Mr. Watkins, an Alamance County native and a graduate of North Carolina A&T State University, worked for the IRS.[1] Libby Watson, an assistant Fort Worth city manager, said the following day that investigators had not determined what caused the metal pole to snap at the base and fall. She said, though, that the wind may have contributed. "I'm afraid it's too early to speculate on the cause", she said. A South Carolina man also was killed by the falling pole.

The pole was one of six at Fort Worth Water Garden. The park was closed following the accident and the other five light poles will be taken down, Watson said.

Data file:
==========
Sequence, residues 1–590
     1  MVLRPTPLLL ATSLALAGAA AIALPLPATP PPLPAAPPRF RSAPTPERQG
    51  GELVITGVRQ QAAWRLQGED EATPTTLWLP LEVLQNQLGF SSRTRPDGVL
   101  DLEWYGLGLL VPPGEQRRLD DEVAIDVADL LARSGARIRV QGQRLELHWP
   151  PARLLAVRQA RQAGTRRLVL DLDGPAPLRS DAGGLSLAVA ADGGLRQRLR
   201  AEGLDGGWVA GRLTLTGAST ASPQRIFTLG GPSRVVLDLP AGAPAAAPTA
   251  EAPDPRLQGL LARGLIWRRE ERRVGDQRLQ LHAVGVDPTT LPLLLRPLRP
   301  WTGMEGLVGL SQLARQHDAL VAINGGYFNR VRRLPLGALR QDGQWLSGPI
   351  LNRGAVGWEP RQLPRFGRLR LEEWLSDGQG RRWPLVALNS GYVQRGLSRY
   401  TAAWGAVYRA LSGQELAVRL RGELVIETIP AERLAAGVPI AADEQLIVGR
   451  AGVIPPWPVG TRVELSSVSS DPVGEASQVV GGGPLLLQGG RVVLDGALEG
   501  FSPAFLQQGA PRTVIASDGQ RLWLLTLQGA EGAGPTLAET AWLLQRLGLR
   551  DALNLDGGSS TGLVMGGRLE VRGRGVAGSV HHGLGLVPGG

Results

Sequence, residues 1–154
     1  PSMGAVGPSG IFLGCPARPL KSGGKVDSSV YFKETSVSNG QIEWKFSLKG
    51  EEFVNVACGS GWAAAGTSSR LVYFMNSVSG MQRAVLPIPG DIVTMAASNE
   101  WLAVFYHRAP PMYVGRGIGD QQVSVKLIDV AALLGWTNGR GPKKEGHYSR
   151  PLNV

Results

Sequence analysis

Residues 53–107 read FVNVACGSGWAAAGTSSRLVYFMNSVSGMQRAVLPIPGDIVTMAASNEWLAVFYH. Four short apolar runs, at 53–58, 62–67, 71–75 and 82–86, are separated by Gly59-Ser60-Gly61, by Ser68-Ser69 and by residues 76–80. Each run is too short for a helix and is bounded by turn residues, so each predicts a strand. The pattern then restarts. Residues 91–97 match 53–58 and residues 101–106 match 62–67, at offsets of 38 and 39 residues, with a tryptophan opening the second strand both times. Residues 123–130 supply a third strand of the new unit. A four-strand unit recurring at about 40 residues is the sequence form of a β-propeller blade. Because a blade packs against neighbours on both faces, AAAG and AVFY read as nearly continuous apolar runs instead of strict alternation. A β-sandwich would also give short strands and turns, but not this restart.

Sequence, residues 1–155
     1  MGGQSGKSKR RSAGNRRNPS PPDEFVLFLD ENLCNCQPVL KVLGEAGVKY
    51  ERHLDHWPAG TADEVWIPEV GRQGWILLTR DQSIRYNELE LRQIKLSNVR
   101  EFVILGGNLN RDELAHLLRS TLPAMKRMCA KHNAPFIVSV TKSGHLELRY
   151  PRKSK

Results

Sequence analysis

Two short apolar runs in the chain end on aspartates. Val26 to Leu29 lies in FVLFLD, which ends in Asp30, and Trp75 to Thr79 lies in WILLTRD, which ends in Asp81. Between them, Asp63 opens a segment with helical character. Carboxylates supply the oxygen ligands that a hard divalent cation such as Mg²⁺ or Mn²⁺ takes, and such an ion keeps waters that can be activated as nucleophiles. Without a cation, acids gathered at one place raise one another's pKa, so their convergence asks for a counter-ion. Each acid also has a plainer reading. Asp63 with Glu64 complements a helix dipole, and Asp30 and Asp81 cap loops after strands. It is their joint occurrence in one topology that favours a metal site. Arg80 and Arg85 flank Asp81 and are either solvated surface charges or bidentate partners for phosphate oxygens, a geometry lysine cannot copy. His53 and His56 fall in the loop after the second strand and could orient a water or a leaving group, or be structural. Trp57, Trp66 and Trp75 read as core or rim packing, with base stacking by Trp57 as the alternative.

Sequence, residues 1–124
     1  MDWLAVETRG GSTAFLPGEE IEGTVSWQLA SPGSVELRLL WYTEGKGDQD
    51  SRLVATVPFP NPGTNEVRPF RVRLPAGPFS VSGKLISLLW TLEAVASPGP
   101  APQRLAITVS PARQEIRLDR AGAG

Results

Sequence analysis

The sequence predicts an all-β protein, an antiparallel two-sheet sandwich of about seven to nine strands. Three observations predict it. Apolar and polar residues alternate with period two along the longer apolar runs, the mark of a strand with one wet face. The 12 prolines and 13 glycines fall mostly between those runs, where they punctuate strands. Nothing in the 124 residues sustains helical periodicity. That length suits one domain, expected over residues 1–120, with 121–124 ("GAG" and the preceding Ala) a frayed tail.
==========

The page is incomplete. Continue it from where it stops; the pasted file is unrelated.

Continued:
The park was temporarily closed to the public after four people died there on June 16, 2004. Juantrice Deadmon, 11, Myron Dukes, 35; his daughter Lauren, 8; and his son Christopher, 13, were drowned after being pulled down by the pumps at the center of the Active Pool. Witnesses saw Lauren fall into the water, with Juantrice falling after her while trying to rescue Lauren. Christopher and Myron jumped into the water after the girls in an attempted rescue.[2] The four were members of Antioch Missionary Baptist Church in Chicago,[3] and were visiting Fort Worth for the National Baptist Sunday School and Baptist Training Union Congress.[4] Bicycle police and firemen arrived at the scene within two minutes of receiving a call at 6:45 p.m. Attempts at rescue were unsuccessful due to the sheer strength of the suction of the whirlpool.[5] Later reports revealed that the water depth had been increased to 9 feet to keep the pumps working properly in spite of litter and tree debris that had created a 50 percent blockage of the screens covering the pool's drain. The recommended depth of the pool was 3 feet. Memos dating back to 1974 noted that escape would be practically impossible without adequate help should one fall into the pool.[6]